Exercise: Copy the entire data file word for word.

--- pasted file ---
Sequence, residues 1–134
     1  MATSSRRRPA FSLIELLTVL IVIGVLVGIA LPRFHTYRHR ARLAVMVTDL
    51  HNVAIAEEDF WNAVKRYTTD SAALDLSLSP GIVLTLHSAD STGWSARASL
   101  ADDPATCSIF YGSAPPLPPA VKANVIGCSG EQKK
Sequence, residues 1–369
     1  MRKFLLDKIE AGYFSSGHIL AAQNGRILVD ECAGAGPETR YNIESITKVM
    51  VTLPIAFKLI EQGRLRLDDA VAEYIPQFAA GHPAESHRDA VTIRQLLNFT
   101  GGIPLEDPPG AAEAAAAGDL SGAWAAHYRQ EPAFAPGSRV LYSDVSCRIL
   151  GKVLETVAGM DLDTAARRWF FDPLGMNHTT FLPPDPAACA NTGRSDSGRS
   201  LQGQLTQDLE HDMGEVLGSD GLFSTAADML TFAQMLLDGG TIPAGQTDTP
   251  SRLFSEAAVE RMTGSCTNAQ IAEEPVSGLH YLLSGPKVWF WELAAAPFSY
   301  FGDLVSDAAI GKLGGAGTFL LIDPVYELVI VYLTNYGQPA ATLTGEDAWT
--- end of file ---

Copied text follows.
Sequence, residues 1–134
     1  MATSSRRRPA FSLIELLTVL IVIGVLVGIA LPRFHTYRHR ARLAVMVTDL
    51  HNVAIAEEDF WNAVKRYTTD SAALDLSLSP GIVLTLHSAD STGWSARASL
   101  ADDPATCSIF YGSAPPLPPA VKANVIGCSG EQKK
Sequence, residues 1–369
     1  MRKFLLDKIE AGYFSSGHIL AAQNGRILVD ECAGAGPETR YNIESITKVM
    51  VTLPIAFKLI EQGRLRLDDA VAEYIPQFAA GHPAESHRDA VTIRQLLNFT
   101  GGIPLEDPPG AAEAAAAGDL SGAWAAHYRQ EPAFAPGSRV LYSDVSCRIL
   151  GKVLETVAGM DLDTAARRWF FDPLGMNHTT FLPPDPAACA NTGRSDSGRS
   201  LQGQLTQDLE HDMGEVLGSD GLFSTAADML TFAQMLLDGG TIPAGQTDTP
   251  SRLFSEAAVE RMTGSCTNAQ IAEEPVSGLH YLLSGPKVWF WELAAAPFSY
   301  FGDLVSDAAI GKLGGAGTFL LIDPVYELVI VYLTNYGQPA ATLTGEDAWT